I try to keep my conversations shallow. Personal conversations make me kind of nervous, probably because I'm not sure where others draw the line between "getting real" and "being a total freak." In the past, the results have been mixed when I shared what was on my mind.
In college, simply looking pensive in public ran a 50/50 chance that some guy would stop and say, "Smile, beautiful! It's a gorgeous day!" I wondered why they thought I needed to be cheered up (fixed?) if I was looking thoughtful. It bugged me.
Other times I'd let loose with some crazy thought or question or wild imagining ("What if aliens are a more highly evolved version of us, and the reason they keep abducting people is because they're collecting specimens of the evolutionary chain for a huge living museum?"), and my friends would stare at me and then give an observation: "You're way weirder than you look." "Ooookaaay. TMI." Or by far the most common, "You think too much." The observation would often be followed by a prescription. "You need to get sleep/eat chocolate/pray/get laid." (Mixed bag, my friends.) So I kind of stopped having those conversations, preferring instead to stay in the shallow end of the pool, perhaps even more shallow than most people stay in. I don't know.
Now don't get me wrong. I think that trivial social exchanges have a very important survival function. When I hear people (usually college students) speak with scorn of the "How are you"/"Good how are you" call and response, I kind of roll my eyes. Those conversations are not, as is so often implied, the mindless blathering of thoughtless sheep. Rather, they are efficient reaffirmations of a casual and non-intrusive social web. We take it for granted, and sometimes it can even feel chafing, but the "How are you"/Good how are you" relationships are the ones that show up to stack sandbags when the river is flooding. Those exchanges are important. They have to be shallow and efficient in order to serve their purpose.
But sometimes I wonder what would happen if just once I were honest when someone asked me those daily, mundane questions like, "How are you doing?" I don't mean honest as in whiny, but honest as in truly introspective.
"How ya doing?"
"Great. I feel light-hearted and upbeat, and at this exact moment, I feel certain that amazing things are coming my way. It's probably because of the sunlight and the way things smell and the fact that my family was just here to visit, and I know it won't last long, but I'm trying not to think myself out of it because it feels really great."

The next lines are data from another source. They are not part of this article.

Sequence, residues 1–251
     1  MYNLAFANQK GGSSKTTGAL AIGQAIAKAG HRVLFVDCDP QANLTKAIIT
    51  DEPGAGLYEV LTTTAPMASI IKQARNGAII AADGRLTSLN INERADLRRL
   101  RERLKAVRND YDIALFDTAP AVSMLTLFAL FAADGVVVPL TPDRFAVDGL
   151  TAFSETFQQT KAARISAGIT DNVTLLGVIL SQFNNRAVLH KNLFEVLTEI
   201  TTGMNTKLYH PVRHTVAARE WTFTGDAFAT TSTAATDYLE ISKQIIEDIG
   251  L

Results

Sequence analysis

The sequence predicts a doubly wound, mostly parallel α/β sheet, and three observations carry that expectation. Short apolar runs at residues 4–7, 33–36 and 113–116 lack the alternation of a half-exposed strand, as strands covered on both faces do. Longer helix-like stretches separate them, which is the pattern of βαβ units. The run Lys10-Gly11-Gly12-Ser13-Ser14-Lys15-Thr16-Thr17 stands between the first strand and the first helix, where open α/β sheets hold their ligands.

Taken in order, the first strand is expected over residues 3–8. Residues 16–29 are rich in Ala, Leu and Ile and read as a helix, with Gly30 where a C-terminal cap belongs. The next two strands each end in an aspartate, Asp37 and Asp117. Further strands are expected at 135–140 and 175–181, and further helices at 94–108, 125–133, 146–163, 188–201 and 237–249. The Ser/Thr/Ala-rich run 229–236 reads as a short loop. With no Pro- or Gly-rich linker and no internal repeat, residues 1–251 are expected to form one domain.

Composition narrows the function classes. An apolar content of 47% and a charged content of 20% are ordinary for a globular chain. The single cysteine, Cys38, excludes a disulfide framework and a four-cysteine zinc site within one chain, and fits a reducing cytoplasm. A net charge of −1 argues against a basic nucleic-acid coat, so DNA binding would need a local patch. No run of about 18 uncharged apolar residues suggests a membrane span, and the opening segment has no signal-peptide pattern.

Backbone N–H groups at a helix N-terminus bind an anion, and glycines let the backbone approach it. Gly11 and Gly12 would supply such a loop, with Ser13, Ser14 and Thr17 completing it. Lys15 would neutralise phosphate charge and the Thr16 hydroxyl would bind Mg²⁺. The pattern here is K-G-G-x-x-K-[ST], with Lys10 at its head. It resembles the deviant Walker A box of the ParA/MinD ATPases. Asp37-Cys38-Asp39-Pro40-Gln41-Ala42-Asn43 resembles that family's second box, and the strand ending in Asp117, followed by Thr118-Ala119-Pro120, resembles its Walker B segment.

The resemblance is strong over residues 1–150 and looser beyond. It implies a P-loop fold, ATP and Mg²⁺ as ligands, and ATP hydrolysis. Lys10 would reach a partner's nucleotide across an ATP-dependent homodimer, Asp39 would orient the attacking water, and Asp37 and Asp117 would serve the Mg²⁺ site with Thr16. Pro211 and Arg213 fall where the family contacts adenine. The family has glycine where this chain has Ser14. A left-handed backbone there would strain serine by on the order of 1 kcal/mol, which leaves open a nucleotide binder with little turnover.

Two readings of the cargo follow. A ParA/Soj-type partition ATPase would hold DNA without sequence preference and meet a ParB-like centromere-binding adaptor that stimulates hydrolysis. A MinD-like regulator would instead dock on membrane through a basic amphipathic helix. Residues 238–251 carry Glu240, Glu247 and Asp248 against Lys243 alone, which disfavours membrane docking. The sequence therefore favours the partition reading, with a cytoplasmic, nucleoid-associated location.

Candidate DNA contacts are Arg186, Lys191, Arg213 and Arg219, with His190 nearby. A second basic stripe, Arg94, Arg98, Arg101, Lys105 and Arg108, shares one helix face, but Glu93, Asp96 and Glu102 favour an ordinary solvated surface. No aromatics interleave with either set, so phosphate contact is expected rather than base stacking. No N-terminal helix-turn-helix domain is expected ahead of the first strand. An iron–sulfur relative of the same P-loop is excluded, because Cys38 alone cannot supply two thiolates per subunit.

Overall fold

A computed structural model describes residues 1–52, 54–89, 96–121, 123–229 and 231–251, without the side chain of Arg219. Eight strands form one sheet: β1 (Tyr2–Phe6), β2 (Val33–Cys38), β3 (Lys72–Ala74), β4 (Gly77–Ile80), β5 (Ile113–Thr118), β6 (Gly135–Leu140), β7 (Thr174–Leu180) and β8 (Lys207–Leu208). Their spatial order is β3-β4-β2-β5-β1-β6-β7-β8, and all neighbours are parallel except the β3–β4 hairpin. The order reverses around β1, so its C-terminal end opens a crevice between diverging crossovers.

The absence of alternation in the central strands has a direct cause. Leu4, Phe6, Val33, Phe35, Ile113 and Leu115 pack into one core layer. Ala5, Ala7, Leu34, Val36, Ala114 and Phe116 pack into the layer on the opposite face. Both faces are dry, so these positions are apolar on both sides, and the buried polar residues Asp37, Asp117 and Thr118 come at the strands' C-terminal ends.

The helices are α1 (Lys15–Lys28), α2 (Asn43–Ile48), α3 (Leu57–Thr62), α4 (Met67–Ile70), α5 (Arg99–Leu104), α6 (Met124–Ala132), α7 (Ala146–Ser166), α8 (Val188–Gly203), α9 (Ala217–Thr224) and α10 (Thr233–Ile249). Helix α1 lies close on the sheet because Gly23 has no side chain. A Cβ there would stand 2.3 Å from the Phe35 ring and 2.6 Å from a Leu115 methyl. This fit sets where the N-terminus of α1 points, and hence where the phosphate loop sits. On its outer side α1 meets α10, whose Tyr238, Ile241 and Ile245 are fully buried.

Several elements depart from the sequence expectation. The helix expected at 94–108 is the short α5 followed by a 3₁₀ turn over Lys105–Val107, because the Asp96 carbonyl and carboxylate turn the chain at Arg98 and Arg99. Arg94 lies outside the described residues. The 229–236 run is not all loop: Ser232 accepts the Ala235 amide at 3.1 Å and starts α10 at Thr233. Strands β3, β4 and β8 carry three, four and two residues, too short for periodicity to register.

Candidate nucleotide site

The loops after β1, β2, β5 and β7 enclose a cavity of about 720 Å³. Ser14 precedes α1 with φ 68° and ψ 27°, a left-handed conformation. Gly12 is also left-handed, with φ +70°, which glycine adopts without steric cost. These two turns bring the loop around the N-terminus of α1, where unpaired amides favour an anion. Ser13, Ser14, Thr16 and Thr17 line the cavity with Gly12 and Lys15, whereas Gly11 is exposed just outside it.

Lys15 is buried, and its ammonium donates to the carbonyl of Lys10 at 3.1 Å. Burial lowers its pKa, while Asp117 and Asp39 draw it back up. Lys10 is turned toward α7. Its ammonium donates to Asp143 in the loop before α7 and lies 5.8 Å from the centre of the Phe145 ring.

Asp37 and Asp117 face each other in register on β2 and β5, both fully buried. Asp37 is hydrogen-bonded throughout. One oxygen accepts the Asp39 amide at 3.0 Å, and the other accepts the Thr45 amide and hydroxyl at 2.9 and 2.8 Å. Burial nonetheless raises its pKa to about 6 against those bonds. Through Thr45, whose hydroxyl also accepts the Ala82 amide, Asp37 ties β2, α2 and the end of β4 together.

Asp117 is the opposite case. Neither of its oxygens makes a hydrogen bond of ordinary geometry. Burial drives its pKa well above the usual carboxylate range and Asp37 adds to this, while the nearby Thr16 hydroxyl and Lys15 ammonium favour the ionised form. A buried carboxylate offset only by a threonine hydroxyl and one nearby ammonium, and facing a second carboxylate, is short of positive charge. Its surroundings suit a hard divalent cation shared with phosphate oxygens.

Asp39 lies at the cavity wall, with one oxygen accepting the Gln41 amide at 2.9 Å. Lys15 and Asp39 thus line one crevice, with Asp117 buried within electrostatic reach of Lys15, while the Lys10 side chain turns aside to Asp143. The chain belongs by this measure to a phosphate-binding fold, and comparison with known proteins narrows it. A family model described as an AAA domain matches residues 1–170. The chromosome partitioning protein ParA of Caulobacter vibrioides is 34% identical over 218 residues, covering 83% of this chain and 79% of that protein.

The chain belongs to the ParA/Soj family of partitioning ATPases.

"How are you?"
"Thoughtful. I'm wondering if Thoreau was right. Do you really think that most men will, when they come to die, discover that they have not lived? Or do most of us actually live our lives pretty well, at least as far as our natural dispositions are comfortable living them? Do you think that Thoreau himself changed how men live?"
Or even this:
"How are you?"
"Oh man, my head is in a freakin' weird space right now. I just finished reading a Peter Straub novel and we've been in the middle of the dry, dark winter for three months, and I'm pregnant so I'm nauseated and hormonal all the time. The total effect is that I feel like a strange and relentless evil is stalking the world, and right now I feel like I've never been happy and I'll never be happy again. My kids are annoyed because I keep grabbing them and giving them hugs. But, I'm old enough to know that these feelings will pass, so I'm trying not to indulge them. That's why I cleaned the house and graded my papers and am out for a walk. Just trying to jump-start the mood boost I know will come eventually. How are you?"
What would happen, I wonder? Probably somewhere out there, there's someone who would stare at me in astonishment for a moment and then say, and mean it, "Oh my gosh. I can totally relate," and then I'd have made a friend, which would be great. I have a hard time making real friends. But I think most people would just stare at me, shift uncomfortably, and then say, "Oh. Is there anything I can do to help?" because these are good people and if something is wrong, they really do want to help fix it. Then I'd say, "No. Nothing really needs to be done. That's just how I'm feeling right now," and they, feeling greatly relieved, would scurry off. And I wouldn't blame them one bit.
But later they might say jokingly to a mutual acquaintance, "Tell you what, just don't ask Heidi how she's doing. The other day she dumped on me with way to much TMI. I don't even know what she was talking about."
And then the acquaintance would say, "Really? She always acts so put-together."
And then the person I'd talked to would say, "I know, I'll tell you what, that girl thinks way too much."
I know that could happen, plus, I truly don't want to intrude on someone else's rhythm by breaking the call and response, but I'm still so curious. What would it be like?
So here's the deal: if I see you and ask you how you're doing, you have my permission, if you feel like it, to tell me what's really on your mind. I'm not talking about a gripe-fest, just a simple conversation about the things you're wondering and thinking and batting around in your head. I'd like to see what it's like, and I promise not to tell you that you think too much.